We have finished our refit now and we are just staying in Hong Kong for another week before we proceed to Shanghai to pick up the “Belfast” then we go on the North China cruise. Today we have been out on trials and I was watchkeeping in the Gear Room which means that I have now been watchkeeping in every part of the ship, boiler rooms, engine rooms and now gear room. Also during the last fortnight I have been on Diesel generators and Evaporators, that is making water, so that makes every type of machinery on  board, Turbo generators, diesel generators, steam compressors, C.O.2 machinery and evaporators. The Chief Stoker says that he is trying to put me through for my A.W.K. certificate (auxiliary watchkeeping certificate) which means to be capable of handling any type of machinery and every department in the ship. It is the final step before picking up the “hook”. It usually is about two years before you pick up the A.W.K. and after that it is up to yourself as to how long you wait before being made Leading Stoker. Personally I hope I am “outside” before I get a chance of leading stoker as you stand less chance of being demobbed. It would be much different if I was regular navy or if the war was on but when I have only got twelve months to do, it is hardly worth it is it?

We had a good picture on board here last night although I don’t suppose you would like as it was a real creepy murder. Dorothy McGuire and George Brent in “Spiral Staircase”. George Brent is a professor who takes it into his head to kill all girls who have a deformity such as a limp, a scar, a lisp or a stutter. Dorothy McGuire is his maid who was struck dumb at an early age, so he eventually takes it that she should be put out of her misery. He is foiled at the last minute by his invalid mother who shoots him. Dorothy McGuire was so panic stricken by her experience that the shock gives her back her voice and she marries the doctor who was trying to cure her.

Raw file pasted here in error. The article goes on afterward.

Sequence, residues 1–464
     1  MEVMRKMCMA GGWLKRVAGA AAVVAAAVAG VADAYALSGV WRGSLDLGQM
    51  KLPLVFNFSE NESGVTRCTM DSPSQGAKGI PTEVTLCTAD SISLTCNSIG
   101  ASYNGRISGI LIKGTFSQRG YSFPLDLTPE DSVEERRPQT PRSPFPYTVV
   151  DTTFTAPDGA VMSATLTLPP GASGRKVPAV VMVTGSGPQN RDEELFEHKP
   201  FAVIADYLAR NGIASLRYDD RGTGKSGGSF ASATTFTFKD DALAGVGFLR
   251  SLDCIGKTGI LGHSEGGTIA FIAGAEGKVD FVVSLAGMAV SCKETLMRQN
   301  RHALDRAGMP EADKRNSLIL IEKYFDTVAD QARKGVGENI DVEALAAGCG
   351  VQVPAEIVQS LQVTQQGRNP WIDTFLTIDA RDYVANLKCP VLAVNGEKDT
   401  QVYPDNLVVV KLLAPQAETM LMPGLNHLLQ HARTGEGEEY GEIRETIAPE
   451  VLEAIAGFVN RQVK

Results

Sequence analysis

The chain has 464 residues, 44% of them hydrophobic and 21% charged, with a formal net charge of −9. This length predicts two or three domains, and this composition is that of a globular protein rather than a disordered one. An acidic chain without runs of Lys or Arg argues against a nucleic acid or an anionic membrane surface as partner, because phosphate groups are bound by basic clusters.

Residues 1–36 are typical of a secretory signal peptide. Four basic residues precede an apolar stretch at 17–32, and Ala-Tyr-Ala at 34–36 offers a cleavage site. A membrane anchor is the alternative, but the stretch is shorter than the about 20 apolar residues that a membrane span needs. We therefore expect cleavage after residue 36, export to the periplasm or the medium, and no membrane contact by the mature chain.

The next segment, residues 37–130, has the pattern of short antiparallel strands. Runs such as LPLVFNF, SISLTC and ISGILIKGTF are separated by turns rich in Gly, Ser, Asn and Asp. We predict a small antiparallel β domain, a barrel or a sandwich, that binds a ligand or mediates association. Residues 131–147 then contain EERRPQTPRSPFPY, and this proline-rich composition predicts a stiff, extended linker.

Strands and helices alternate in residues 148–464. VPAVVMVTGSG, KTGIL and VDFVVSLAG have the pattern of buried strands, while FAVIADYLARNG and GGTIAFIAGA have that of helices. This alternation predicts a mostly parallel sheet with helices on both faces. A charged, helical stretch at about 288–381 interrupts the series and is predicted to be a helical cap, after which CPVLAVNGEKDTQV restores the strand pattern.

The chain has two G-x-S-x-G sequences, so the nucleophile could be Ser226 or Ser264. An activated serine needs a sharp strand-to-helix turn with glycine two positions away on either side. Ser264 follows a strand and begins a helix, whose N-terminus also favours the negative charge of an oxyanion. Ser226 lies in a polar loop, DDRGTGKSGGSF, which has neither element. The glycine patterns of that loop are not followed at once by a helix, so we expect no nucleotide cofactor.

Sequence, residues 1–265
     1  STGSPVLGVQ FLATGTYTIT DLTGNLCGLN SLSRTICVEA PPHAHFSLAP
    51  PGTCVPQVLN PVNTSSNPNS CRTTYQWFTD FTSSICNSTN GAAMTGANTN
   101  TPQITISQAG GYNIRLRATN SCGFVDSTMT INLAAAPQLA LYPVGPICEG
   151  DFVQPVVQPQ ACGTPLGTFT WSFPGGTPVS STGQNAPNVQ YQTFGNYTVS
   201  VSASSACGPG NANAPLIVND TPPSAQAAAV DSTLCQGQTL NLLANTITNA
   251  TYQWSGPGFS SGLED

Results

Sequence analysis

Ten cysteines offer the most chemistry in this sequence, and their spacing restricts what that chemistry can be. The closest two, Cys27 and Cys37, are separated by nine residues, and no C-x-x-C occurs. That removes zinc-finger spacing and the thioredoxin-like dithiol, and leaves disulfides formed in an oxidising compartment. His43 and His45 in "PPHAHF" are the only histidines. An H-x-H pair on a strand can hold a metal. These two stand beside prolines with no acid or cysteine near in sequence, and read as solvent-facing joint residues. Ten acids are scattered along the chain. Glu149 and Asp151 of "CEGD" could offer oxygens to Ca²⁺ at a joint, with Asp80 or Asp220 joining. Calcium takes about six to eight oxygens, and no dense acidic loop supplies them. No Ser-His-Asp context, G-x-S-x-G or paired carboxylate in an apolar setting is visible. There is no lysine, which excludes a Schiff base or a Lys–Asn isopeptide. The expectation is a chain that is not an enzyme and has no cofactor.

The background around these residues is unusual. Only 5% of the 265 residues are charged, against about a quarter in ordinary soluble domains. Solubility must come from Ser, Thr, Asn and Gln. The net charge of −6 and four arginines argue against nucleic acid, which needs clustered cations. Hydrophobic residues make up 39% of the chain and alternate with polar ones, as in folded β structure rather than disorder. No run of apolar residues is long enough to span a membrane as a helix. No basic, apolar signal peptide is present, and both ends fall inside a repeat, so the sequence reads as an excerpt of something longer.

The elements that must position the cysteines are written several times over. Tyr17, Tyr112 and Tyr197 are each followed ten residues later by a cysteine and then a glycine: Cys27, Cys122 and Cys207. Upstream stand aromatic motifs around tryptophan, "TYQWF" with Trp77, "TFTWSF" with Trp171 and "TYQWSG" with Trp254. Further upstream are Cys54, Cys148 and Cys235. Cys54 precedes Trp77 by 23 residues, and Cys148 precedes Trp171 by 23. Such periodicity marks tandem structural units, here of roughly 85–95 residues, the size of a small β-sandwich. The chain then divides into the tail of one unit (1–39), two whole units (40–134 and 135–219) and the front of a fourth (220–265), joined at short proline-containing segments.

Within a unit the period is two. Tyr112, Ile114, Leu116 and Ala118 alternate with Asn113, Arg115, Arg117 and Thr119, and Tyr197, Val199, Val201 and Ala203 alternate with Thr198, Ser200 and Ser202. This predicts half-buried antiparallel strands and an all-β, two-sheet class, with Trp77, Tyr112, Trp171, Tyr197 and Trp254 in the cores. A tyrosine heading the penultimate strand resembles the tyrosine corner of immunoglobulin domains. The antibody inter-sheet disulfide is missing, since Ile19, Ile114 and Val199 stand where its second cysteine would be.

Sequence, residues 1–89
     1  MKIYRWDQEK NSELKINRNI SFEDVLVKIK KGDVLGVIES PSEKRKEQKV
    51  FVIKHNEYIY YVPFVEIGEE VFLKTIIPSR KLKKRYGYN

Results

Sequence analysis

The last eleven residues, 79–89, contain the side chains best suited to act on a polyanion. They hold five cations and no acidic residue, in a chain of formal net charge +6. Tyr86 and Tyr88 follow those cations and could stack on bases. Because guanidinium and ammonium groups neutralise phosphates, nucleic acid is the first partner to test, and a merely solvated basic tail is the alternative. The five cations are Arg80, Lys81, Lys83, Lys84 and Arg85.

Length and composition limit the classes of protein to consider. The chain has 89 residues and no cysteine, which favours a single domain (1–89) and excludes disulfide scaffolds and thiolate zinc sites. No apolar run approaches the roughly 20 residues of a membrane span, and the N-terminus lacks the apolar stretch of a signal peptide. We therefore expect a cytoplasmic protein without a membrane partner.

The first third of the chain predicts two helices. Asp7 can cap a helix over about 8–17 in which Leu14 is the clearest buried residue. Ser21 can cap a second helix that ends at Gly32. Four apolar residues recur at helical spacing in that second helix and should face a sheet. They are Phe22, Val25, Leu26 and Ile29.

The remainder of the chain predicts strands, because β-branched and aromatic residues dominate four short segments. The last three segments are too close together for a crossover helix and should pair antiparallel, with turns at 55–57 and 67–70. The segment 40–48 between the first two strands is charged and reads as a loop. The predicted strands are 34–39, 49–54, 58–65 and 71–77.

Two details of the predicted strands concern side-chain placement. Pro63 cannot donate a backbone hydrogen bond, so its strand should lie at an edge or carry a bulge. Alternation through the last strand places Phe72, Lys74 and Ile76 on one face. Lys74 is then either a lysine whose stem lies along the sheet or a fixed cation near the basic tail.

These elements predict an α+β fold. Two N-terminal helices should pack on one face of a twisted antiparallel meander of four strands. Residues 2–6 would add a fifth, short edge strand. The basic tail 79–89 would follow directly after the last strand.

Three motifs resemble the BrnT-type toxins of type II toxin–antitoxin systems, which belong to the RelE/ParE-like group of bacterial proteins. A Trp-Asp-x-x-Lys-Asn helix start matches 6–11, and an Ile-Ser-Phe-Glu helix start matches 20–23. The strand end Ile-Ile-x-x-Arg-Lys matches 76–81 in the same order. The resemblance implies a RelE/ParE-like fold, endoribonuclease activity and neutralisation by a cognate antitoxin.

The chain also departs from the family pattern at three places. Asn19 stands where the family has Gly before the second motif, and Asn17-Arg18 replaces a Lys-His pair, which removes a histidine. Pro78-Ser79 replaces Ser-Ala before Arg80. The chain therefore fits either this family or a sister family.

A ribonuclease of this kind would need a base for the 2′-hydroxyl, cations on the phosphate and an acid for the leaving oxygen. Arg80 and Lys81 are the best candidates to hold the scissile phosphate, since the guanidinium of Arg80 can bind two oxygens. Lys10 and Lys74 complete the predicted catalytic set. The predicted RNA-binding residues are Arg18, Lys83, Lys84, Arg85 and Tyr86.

Well I think I will close now as there is not much to tell you until I have heard from you so Bye-bye for the present.
All my love

September 1945

Dear Mom & Dad,

Just a few lines to let you know that I am still O.K. and am now longing to get home again. The time seems to go terribly slow when leave gets near. As far as I know the routine at Havant is, we arrive Tuesday night and get our draft routine over the same night. Wednesday we send settling down having kit musters and medical inspections. That far I know definitely, but after that nobody seems quite sure what happens. The general idea is that we go on leave on Thursday dinnertime but I am afraid that I can’t take that as definite yet. I will give you a ring or send you a telegram as soon as I know anything more definite. That is if I come home this week otherwise I will send you a letter.

I don’t even know whether I am likely to go abroad or not, if I do then I shall get 14 days leave plus 2 days V.J. leave plus 2 days travelling plus 3 days special leave as the barracks are so crowded.. Otherwise I may only get nine days leave if I am to stop in the country.

I had to see the Divisional officer yesterday and he said that as I had done so well on the course he was going to put a special recommendation on my service papers so that I can get my transfer to Stoker (E). There are three Stokers (S) in our division, that is men who are training for officers. In the exam they got 91, 84, and 79 marks so you can see I did pretty well as they are supposed to be exceptional ratings who are specially picked out for officers.